All 4 books by Edward Tufte now in
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Visual Display of Quantitative Information
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All 4 clothbound books, autographed by the author $150
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Edward Tufte e-books
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Visual and Statistical Thinking $2
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Data Analysis for Politics and Policy $2catalog + shopping cart
Edward Tufte one-day course,
Presenting Data and Information
Oakland, April 20
San Jose, April 21
Palo Alto, April 24
San Francisco, April 25, 26
In your course given in New York July 30 I was struck by your quoting T.S.Eliot at the outset, not only because he is a guru of mine but also because much of your material resonates in passages from Four Quartets. The passage that leapt out at me is from Little Gidding:
"... And every phrase And sentence that is right (where every word is at home, Taking its place to support the others, The word neither diffident nor ostentatious, An easy commerce of the old and the new, The common word exact without vulgarity, The formal word precise but not pedantic, The complete consort dancing together) ..."
A linguistic analog of the perfect presentation, but without the graphics. And yet the graphical element is almost always implicit, as in this passage from Burnt Norton:
"... daylight, Investing form with lucid stillness Turning shadow into transient beauty With slow rotation suggesting permanence ..."
Eliot seems to have an intuitive grasp of how to pack information into an observation ("The detail of the pattern is movement ...") while spreading out the observation as if unrolling a scroll (11 x 17 if you please) for our perusal. One can find examples of each of your principles in practically every phrase and sentence:
Comparison: " ... neither movement from nor towards, Neither ascent nor decline ..."
Causality: " ... a partial fallacy Encouraged by superficial notions of evolution, Which becomes, in the popular mind, a means of disowning the past."
Multivariate: metaphor, meter, hyperlink, history, location
Integration: " ... the complete consort dancing together ... "
Content: " ... history is now and England ... "
Observations arrayed, not stacked: "The captains, merchant bankers, eminent men of letters, The generous patrons of art, the statesmen and the rulers, Distinguished civil servants, chairmen of many committees, Industrial lords and petty contractors ..."
And above all, the music, which carries us along the journey of discovery (" ... while the narrowing rails slide together behind you, and on the deck of the drumming liner, watching the furrow that widens behind you ...").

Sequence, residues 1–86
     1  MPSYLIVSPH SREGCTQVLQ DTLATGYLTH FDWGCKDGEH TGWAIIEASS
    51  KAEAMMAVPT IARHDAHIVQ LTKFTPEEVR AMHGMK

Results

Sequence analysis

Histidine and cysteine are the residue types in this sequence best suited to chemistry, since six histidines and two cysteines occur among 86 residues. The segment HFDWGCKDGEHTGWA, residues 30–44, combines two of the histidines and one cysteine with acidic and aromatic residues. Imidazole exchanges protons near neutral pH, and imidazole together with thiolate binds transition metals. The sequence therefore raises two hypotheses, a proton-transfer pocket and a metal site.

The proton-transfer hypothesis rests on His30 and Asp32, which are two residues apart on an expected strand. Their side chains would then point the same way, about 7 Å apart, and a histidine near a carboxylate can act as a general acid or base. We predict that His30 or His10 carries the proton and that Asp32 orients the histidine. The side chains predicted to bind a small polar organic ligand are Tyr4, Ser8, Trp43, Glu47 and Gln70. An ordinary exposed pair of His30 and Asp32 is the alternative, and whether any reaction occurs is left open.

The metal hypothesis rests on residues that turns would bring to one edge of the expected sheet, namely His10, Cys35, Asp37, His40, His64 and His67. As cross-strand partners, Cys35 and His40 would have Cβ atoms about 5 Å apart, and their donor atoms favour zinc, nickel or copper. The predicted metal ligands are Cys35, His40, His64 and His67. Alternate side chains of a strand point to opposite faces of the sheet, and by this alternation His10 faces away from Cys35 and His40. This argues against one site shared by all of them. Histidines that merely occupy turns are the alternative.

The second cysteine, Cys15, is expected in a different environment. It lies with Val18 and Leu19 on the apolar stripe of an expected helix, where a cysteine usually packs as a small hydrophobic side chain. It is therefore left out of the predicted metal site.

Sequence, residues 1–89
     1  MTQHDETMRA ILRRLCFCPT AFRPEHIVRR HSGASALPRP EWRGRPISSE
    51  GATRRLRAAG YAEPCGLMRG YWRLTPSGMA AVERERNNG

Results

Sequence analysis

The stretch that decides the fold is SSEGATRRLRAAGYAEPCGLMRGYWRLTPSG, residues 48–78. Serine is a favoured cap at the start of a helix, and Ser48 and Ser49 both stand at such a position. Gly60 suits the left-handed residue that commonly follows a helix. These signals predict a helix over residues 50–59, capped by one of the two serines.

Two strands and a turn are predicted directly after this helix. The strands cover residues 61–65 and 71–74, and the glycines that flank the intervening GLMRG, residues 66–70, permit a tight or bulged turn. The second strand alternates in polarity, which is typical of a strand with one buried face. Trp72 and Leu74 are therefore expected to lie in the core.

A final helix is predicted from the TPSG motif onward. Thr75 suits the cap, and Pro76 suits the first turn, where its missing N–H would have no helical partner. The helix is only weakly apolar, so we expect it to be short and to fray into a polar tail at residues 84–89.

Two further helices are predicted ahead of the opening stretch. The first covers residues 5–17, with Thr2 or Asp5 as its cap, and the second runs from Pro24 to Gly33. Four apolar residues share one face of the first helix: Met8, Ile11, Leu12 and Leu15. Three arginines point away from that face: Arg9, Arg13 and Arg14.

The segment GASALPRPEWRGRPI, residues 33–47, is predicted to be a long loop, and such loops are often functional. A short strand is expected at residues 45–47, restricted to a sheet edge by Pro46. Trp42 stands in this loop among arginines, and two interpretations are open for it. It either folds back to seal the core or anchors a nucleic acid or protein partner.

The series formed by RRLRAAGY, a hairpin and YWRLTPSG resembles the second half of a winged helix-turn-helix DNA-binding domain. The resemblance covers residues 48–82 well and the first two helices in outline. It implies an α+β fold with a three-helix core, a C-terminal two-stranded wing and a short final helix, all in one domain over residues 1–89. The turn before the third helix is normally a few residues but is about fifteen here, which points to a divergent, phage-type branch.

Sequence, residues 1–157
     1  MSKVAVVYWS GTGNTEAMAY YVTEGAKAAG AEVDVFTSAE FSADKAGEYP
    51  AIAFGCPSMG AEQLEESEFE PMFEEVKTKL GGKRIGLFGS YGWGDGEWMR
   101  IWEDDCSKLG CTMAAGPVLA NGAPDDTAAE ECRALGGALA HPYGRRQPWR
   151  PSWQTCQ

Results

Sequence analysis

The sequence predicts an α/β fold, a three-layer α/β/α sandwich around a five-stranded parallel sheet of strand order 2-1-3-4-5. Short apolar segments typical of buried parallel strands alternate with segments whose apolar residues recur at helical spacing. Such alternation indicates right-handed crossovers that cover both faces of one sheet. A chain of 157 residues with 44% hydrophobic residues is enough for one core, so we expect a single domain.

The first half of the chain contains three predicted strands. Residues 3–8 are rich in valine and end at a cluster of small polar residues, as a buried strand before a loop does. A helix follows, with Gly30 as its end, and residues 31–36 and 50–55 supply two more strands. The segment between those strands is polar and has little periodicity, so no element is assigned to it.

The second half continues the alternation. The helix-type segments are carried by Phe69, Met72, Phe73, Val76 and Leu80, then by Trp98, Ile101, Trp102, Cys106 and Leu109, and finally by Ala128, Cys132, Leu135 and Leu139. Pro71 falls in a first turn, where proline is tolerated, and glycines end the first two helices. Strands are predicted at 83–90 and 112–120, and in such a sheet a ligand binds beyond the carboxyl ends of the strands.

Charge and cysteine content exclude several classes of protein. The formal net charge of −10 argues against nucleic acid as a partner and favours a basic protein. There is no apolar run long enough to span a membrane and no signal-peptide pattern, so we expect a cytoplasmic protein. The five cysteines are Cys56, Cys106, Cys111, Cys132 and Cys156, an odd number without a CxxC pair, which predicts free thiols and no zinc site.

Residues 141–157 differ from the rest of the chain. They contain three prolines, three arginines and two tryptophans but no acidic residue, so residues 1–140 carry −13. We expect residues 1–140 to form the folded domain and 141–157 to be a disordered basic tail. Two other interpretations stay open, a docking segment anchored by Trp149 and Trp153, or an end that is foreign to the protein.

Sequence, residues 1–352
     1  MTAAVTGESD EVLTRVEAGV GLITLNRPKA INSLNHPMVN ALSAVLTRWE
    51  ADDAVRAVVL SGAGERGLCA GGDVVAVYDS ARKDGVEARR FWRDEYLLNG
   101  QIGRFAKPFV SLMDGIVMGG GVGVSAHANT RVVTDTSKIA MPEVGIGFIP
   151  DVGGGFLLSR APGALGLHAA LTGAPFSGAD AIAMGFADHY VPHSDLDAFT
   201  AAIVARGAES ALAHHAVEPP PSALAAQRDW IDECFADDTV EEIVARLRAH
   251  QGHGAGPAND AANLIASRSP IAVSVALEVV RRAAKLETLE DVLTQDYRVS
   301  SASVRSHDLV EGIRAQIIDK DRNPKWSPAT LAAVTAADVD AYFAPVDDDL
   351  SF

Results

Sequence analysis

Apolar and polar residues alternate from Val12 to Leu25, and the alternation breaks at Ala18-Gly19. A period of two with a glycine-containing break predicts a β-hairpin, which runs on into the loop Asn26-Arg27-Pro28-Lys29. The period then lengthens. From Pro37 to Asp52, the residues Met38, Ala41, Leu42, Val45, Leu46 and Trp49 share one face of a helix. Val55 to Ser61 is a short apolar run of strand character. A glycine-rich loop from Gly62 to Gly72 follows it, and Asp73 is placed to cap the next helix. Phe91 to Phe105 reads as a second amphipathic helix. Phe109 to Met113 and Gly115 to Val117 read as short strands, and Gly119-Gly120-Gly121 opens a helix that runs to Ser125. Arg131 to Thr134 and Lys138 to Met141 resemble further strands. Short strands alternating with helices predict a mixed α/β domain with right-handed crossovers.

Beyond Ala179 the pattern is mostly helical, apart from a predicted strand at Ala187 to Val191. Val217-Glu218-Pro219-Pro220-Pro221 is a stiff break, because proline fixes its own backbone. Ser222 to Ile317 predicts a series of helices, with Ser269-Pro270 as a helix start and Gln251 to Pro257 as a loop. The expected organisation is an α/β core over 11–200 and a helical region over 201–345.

So I do not think the reference to Eliot ("Time present and time past ...") was purely accidental. And regarding his apparent preoccupation with religion, I don't see it as any different from, say, a belief in the theories of relativity or the big bang. It's a matter of faith in some unifying principle.
-- Dennis Kear (email)
During my course, I mention the opening lines of Burnt Norton, No. 1 of Four Quartets by T. S. Eliot in discussing the video from Stephen Malinowski's Music Animation Machine:
Time present and time past
Are both perhaps present in time future,
And time future contained in time past.
I often read Eliot aloud for 10 minutes while warming up for the day's course. My favorites are Prufrock and Four Quartets. Have never read completely through Wasteland, although I've listened to all the poem in a recorded reading by Eliot.
There are many wonderful lines in Four Quartets and I simply glide over the heavy-handed religious material.
-- Edward Tufte
In 1996 I was fortunate to see Fiona Shaw's interpretation of "The Waste Land" at the old Liberty Theater on 42nd St. The theater was about to be demolished for redevelopment and was in a decrepit state -- paint peeling, many of the seats broken, very limited lighting. It was a remarkable place to stage anything at all and yet peculiarly suited to the material at hand.
I remember vividly that it was the second performance of the evening and that Shaw entered from the rear of the theater, her face wet, apparently with tears, voice quivering. The experience, about 35 minutes long, was intensely moving, one of the most austerely perfect presentations I've seen. I think of it almost any time someone mentions Eliot or poetry.
-- Bob Hassett (email)
I want gently to remind that Ezra Pound was largely responsible Eliot's concise style. He was Eliot's collaborator and editor, sometimes crossing out hunred lines of poem and thus distilling the spirit of matter. I do not mean to diminish Eliot; an editor is a mirror a writer or poet needs to see himself more clearly.
And I also am a reader of Eliot. His lines haunt me.
In graphic representations same editing of unnecessary matter is important. Too often designer himself is a final judge of result.
-- eero raunio (email)